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Supersaw
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January 19, 2015
10:31 am
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lppier
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Hi Will,

A lot of the VA synths have this oscillator which is the Supersaw/Hypersaw. I like the sound, and they always describe it as the sound of 7 detuned saw oscillators played together in the manual. My question is, is this actually the way the sound is being created? 7 detuned saw oscillators? Or is there some trick to it, like using delay, etc. Wonder if you know anything about the actual implementation of such suppress oscillators.

Many thanks.

January 22, 2015
7:00 pm
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W Pirkle
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Yes, supersaw is 6 or 7 (or 8) sawtooth oscillators, detuned differently (up/down) in prime-relationships (to minimize beating). There are two options:

- use 6 or more separated oscillators

- use a single modified oscillator that has 6 (or 7 or 8) modulo counters/increment values (for QBL) or 6 (or 7 or 8) read index values for WaveTable

A cool example is the Korg PolySix. You could choose between a polyphonic synth with 6 separate oscillators, or mono-synth with all six combined and detuned. The iPad version of the synth is more flexible, letting you choose how many oscillators are combined in their version of "supersaw."

There is a really good free VST2 plugin called SuperWave P8 that is a superwave synth with 8 separate, detunable oscillators (superWave and not superSaw since you can detune any waveforms, not just saw). It makes a nice synth to clone as a project once you get through the book projects, and I even used it once in class as an assignment -- "clone this synth"

- Will

- Will

January 23, 2015
5:56 am
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lppier
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September 25, 2015
12:34 am
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Frodson
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Hi Will,
Could you explain the prime-relationship in more detail? Something like Fo1 / Fo2 = 73 / 71 ?
I tried setting them apart in constant intervals, but the wave is "wobbeling".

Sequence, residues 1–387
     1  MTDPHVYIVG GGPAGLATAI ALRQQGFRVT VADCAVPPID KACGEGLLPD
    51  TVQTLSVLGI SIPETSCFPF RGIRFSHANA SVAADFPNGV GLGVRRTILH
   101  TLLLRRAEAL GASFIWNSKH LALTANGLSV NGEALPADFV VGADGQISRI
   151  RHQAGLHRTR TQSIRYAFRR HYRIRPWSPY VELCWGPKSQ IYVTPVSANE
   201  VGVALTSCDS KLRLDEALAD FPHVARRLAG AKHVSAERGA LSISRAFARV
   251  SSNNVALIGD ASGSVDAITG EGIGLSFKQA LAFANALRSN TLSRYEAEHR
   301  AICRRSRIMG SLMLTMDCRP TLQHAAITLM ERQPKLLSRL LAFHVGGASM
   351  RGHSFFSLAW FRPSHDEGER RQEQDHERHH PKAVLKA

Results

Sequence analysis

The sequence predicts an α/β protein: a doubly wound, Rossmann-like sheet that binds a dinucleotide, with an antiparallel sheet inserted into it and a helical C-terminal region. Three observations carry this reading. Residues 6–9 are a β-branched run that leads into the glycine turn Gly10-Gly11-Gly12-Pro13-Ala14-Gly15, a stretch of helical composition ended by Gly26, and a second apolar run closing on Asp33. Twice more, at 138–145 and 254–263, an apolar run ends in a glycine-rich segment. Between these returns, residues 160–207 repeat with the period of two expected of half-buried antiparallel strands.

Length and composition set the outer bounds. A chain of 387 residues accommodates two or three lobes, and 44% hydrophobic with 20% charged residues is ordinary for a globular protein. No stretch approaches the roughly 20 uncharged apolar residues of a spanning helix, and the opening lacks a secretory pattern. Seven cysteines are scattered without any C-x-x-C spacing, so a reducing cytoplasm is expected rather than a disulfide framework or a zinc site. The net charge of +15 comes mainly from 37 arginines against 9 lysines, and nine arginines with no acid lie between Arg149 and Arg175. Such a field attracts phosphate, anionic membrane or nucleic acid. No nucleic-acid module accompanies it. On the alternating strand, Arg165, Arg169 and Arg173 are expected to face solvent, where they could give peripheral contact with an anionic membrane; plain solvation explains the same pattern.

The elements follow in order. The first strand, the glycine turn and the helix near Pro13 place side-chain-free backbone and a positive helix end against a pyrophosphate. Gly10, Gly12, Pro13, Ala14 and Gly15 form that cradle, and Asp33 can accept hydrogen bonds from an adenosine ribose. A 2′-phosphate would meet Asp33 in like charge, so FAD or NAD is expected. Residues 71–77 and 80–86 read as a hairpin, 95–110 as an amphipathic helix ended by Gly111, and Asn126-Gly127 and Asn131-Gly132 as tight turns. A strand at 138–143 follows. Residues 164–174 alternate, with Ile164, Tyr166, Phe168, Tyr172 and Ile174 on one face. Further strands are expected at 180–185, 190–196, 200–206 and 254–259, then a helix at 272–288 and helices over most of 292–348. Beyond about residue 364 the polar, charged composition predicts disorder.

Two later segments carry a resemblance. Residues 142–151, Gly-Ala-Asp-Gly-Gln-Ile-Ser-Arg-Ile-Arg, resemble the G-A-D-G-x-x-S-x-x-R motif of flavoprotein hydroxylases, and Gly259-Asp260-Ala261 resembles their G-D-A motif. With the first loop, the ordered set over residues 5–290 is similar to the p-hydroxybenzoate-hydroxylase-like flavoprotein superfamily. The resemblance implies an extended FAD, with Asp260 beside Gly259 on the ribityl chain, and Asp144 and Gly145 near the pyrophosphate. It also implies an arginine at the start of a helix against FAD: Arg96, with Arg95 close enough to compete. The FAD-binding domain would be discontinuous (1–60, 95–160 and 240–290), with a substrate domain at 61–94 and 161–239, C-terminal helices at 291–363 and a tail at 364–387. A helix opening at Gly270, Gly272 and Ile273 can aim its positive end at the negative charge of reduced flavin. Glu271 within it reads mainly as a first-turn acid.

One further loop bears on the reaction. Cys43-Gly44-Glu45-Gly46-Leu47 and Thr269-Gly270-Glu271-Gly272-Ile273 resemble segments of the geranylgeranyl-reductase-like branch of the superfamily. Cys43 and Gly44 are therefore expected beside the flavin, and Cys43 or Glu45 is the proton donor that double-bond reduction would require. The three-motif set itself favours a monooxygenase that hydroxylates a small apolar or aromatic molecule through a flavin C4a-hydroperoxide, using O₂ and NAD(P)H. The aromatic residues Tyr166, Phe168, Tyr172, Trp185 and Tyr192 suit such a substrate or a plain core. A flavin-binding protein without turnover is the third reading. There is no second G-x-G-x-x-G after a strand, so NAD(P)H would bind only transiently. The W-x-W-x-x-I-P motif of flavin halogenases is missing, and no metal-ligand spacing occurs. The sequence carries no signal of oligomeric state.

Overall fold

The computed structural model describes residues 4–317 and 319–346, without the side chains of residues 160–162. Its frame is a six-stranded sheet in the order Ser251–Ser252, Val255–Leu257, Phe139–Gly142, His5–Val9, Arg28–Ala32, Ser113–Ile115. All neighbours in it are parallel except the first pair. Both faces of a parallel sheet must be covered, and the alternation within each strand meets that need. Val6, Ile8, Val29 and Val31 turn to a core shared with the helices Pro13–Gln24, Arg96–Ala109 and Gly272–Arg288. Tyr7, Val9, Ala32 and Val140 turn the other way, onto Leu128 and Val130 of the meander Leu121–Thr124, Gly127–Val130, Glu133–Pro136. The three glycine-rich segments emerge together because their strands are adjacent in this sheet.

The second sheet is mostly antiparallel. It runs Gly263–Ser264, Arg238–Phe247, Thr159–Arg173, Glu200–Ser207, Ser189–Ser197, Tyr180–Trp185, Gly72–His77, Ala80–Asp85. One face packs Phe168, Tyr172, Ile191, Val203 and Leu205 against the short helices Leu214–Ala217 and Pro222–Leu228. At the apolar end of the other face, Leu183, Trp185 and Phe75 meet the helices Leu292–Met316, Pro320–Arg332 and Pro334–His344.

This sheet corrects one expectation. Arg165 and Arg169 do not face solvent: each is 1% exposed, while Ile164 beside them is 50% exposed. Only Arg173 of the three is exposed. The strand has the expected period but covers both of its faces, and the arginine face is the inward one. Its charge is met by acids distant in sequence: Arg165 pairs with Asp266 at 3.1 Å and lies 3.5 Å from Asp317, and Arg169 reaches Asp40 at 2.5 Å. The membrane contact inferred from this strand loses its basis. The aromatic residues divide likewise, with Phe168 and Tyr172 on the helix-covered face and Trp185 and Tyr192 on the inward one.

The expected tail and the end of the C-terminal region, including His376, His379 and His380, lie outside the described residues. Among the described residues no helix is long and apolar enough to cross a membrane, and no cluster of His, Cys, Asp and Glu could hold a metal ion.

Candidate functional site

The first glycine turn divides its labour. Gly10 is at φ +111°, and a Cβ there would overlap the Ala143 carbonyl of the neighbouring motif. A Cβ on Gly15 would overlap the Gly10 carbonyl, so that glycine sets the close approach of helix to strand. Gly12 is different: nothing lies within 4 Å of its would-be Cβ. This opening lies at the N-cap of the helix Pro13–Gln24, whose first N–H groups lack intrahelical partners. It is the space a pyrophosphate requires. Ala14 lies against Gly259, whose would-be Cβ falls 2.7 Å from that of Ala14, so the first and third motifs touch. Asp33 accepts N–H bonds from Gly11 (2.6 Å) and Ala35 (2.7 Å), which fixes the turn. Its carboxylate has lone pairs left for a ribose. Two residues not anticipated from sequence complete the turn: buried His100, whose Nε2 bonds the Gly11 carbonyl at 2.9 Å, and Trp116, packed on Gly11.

Thanks, Fred

September 25, 2015
1:24 am
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W Pirkle
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Hi Fred

I don't have a specific formula (though you might be able to track down Roland's ratios). Detuning 2 oscillators produces beating, but once you start detuning 3 or more, the relationships can cause good or bad artifacts. For example, in the MiniSynth project with 3 sawtooth oscillators, the detuning pushes one oscillator up in pitch, another down in pitch (by the same amount) and the third is unaffected (stays at MIDI note pitch). The beating that occurs has a set pattern to it based on the detune amount in cents. But, if I change this so that one oscillator is at 0.73*detune while the other is at 1.0*detune, the beating occurs, but the underlying pattern is different -- it takes longer for the pattern to "wrap around" sonically. Detuning in primes won't eliminate the beating, but it can make the beating less periodic sounding.

- Will

September 27, 2015
9:49 pm
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Frodson
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Hi Will, Thanks for the reply!
I tried setting them apart in non constant intervals - sounds so much better. with 7 Oscs I cant really find a 'pattern', but the sound is changing anyway. Gives it something unpredictable, which is a good thing I guess.
Fred

edit:
For anyone interested: You can make the osc 'predictable' (= pressing a note two times sounds the same) again by resetting it. BUT if you just reset all Oscs to Phase = 0 you will have one instance of beating for a few seconds which almost has the sonic characteristics of a filter envelope. You can avoid this by resetting the different oscs to different start values so they're not in phase.

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